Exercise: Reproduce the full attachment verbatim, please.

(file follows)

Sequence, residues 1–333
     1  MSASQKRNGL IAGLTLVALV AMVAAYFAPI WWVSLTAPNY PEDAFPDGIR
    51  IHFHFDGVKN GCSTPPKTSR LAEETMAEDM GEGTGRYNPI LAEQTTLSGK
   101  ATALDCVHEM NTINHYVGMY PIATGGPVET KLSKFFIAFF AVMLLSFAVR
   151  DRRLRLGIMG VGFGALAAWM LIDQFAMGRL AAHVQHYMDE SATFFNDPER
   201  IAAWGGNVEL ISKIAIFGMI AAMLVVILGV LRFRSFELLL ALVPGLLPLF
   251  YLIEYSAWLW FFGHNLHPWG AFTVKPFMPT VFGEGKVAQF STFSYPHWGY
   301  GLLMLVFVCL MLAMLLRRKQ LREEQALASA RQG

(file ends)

Sequence, residues 1–333
     1  MSASQKRNGL IAGLTLVALV AMVAAYFAPI WWVSLTAPNY PEDAFPDGIR
    51  IHFHFDGVKN GCSTPPKTSR LAEETMAEDM GEGTGRYNPI LAEQTTLSGK
   101  ATALDCVHEM NTINHYVGMY PIATGGPVET KLSKFFIAFF AVMLLSFAVR
   151  DRRLRLGIMG VGFGALAAWM LIDQFAMGRL AAHVQHYMDE SATFFNDPER
   201  IAAWGGNVEL ISKIAIFGMI AAMLVVILGV LRFRSFELLL ALVPGLLPLF
   251  YLIEYSAWLW FFGHNLHPWG AFTVKPFMPT VFGEGKVAQF STFSYPHWGY
   301  GLLMLVFVCL MLAMLLRRKQ LREEQALASA RQG